Solidarity and Social Change
By Jennifer Moore
A pair of hands entwine in a rainbow swirl above a description of solidarity tourism painted on a wall: “The opportunity to get close to Guatemala’s recent history and share the present with a community living in solidarity.”
It would be hard to come up with a better description of what New Horizon Cooperative has to offer, just off the highway south of Flores, on the road to Guatemala City, a short jaunt from famous Mayan temples, in the northern department of El Petén.
I spent a couple of days chatting with Arnulfo and Martín, ex-guerrilla combatants and founding members of the coop. It was a brief immersion in the history of Guatemala’s 36-year dirty war—juxtaposed with scenes from their ongoing struggle. What I came away with was the realization that change is possible through collective action.
Arnulfo and Martin did not realize their personal stories would be New Horizon’s principal attraction. They believe people come to New Horizon “to learn Guatemala’s real story; the side that isn’t frequently told or talked about.” Arnulfo and Martín are former members of the Rebel Armed Forces, the oldest of four insurgent groups in Guatemala during the war that ended in the deaths of an estimated 200,000 people.
The U.N.-sponsored Commission for Historical Clarification attributed 93 percent of human rights violations—including hundreds of massacres and roughly 45,000 forcibly disappearances—to state forces and their allies. Over eighty percent of those who died in Guatemala’s dirty war were indigenous. Today, impunity for past atrocities reigns, and perpetrators of the state’s scorched earth policy and intent to exterminate insurgent forces are still active in Guatemalan politics. In other words, little has changed.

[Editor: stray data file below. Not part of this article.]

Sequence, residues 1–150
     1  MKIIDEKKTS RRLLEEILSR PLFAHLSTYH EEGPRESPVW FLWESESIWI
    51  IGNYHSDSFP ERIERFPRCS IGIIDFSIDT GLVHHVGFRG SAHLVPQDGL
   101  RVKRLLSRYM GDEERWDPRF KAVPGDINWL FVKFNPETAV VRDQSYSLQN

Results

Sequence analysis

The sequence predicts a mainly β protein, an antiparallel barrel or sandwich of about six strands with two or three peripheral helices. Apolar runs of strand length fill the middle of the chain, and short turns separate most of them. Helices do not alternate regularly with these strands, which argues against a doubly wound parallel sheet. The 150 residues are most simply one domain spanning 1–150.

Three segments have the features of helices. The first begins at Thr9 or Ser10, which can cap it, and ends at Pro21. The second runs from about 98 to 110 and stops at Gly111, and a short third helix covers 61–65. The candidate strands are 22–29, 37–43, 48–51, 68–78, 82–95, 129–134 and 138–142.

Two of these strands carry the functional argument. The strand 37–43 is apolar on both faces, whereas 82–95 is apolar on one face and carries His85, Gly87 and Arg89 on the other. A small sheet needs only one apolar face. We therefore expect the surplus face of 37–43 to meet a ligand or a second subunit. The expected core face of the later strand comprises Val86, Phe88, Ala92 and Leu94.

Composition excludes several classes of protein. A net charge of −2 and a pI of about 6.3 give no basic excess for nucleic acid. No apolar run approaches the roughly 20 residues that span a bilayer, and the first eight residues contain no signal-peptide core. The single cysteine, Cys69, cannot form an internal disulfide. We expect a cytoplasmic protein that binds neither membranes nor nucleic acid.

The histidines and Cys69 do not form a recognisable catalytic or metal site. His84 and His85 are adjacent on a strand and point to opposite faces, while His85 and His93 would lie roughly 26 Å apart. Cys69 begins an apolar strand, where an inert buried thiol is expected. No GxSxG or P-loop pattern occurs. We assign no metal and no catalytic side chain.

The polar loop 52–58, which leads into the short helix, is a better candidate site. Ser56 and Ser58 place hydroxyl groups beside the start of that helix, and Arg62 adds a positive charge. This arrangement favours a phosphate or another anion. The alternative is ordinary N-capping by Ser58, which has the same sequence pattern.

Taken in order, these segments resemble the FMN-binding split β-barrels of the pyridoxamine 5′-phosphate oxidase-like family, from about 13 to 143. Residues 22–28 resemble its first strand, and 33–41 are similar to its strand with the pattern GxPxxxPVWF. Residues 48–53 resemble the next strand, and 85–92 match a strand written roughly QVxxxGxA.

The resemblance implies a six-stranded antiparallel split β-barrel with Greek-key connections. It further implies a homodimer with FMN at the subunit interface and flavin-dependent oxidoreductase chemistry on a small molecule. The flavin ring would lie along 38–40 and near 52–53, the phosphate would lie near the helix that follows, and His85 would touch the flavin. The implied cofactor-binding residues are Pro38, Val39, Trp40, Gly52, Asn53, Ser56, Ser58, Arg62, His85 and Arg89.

However, since setting down their arms after the 1996 Peace Accords, these ex-fighters at New Horizon Cooperative have been working together to transform their nine hundred hectares of land into a place of hope and inspiration for their own young people and other communities. With 98 members and 105 families, efforts to diversify crop production and improve livestock are constantly being developed, while new projects such as tourism and reforestation create fresh sources of on-farm employment and income for social investments. Coop members continue to resist economic policies that jeopardize the lives and livelihoods of Guatemala’s poor, rural, and indigenous majority—such as free trade—through regional, national and international alliances.
The women I met during my short stay at New Horizon also impressed me with their sense of freedom and independence through participation in farm projects. Collective resettlement has been particularly beneficial for female ex-fighters. According to one 2007 study by the International Peace Research Institute in Oslo, Norway, Guatemalan women who became guerrillas with little prior education show higher levels of social and political participation following the war when they resettled collectively, at New Horizon, for example.
However, the decision to resettle collectively also came at a high price. When the former rebels signed papers to purchase New Horizon in 1998, the anticipated purchase price suddenly doubled. As a result, the cooperative remains burdened with debt that they continue administering at a high interest rate, all the while maintaining education and healthcare as a top priority.
Such decisions keep cycling back to the value of solidarity and their conviction to work for societal transformation. “We learned solidarity out of pure necessity,” explains Martín, “…it was the only way to survive.” Once their lifeline, it is a lesson that they hope to impart to visitors. “Friendship is more valuable than a million dollars,” concludes the ex-insurgent, “because it endures a lifetime.”